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Peoples Council in Wattegedara: Reconciliation Model of, for and by the People

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By Salma Yusuf

The residue of the three decade conflict is manifest in the fractured communities where suspicion, distrust, fear and accusation are rife.

Following the conclusion of the war, the need has arisen for regaining trust and confidence whilst renegotiating values of coexistence between and within communities. It is in this context that the People’s Council in Wattegedara was established, in a bid to rebuild non – violent societies empowered with self – reliance.


The ability to have a voice through a representative village institution coupled with the choice to plan and implement their own village programmes is what has come through as the persistent plea from the resettlement villages. The virtue of coexistence rooted at the grassroots level through People’s Councils will make it easier to transform perceived unjust social relationships, such as bias towards one community or the other, to more just ones. Premised upon this plea and virtue, the People’s Council in Wattegedara was set up.
Potentially, Sri Lanka can have over 14, 000 self – reliant Peoples Councils. The case of how Wattegedara, an agricultural village 80 km away from Colombo in the Kurunegala District, established a People’s Council illustrates a potential model for structuring such Councils island – wide.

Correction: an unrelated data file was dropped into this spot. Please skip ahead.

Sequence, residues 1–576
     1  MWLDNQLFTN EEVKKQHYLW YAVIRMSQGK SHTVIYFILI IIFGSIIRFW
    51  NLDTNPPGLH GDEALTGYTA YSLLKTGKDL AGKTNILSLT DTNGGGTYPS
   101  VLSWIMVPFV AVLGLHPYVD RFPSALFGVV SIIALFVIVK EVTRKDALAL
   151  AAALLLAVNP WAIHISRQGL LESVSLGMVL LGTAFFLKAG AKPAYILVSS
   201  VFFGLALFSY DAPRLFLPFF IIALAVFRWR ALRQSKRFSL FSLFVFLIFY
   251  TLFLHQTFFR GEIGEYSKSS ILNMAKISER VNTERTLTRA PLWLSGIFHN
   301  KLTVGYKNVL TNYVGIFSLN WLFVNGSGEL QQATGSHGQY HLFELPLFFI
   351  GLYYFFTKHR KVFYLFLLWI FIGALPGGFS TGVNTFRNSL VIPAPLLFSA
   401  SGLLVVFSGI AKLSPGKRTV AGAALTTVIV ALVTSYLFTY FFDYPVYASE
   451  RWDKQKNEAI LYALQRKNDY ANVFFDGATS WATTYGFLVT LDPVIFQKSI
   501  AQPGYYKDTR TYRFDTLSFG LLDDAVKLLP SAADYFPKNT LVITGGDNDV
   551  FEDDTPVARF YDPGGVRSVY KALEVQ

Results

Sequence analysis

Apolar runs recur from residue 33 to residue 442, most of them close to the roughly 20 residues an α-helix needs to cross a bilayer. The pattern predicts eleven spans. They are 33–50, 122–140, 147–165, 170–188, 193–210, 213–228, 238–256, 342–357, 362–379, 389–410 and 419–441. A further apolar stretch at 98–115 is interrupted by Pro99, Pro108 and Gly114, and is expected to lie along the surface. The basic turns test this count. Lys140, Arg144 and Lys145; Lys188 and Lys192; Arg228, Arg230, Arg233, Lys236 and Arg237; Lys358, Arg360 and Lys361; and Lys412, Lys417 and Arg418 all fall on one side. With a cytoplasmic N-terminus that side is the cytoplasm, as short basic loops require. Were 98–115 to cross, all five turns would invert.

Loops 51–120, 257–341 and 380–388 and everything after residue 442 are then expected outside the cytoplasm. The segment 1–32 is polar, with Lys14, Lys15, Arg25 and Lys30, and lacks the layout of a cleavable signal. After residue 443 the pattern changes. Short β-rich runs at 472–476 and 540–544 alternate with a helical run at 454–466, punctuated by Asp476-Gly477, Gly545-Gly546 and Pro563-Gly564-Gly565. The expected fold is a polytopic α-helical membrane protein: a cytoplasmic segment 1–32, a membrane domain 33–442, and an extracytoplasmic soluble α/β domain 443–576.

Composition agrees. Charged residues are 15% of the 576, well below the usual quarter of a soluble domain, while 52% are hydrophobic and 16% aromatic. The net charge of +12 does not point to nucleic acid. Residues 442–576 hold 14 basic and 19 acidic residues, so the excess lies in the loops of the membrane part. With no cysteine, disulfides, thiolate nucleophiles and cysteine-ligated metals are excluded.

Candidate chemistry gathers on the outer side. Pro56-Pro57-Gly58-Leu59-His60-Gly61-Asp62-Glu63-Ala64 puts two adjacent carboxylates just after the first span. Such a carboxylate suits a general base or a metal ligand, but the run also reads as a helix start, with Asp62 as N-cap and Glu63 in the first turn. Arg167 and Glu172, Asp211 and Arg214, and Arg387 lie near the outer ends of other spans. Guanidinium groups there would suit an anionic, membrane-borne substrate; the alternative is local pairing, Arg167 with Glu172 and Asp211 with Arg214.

Wattegedara has a population of approximately 4000 people with an estimated 860 registered voters. People of the village conducted an election for identifying suitable representatives based on their interests such as Heritage, Food, Production, Women and Youth, and Services catering for Education, Health and other utility needs. Interested sector candidates had personally met the voters, who then had the chance of evaluating the candidates as to their suitability to contribute to the respective interest. On the day of the elections, the registered voters gathered at a central location, cast their ballots and at the close of polls, designated a respected officer in the village to count and declare the winners of each sector to constitute the nine member People’s Council. The villagers said that the elected representatives would remain under close supervision, and any of the elected who failed to deliver on the tasks given by voters under the respective sector would be recalled and the position transferred to another.

The established People’s Council therefore comprised nine members: five members being from each sector, namely, Heritage including senior citizens and protectors of culture and environment of the village; Women; Food Producers including farmers and fishermen; Youth; and Service Providers including teachers, physicians, traders and technicians. Two members were identified in proportion to the number of voters from each sector. Additionally, members were nominated by the seven elected members from religious leaders in the village and a village share holder joint venture company that provided services in marketing and management.


Concurrent village development is essential for the reconciliation process and to ensure that an inclusive approach is adopted towards nation building. Accordingly, for such Peoples Councils to remain sustainable there needs to be a direct allocation of funds from the State to villages across the country, roughly estimated at LKR 3 million annually as a basic cost. The Council members would receive no endowments and will serve in a voluntary capacity, as is the case with Trustees of places of worship in the country.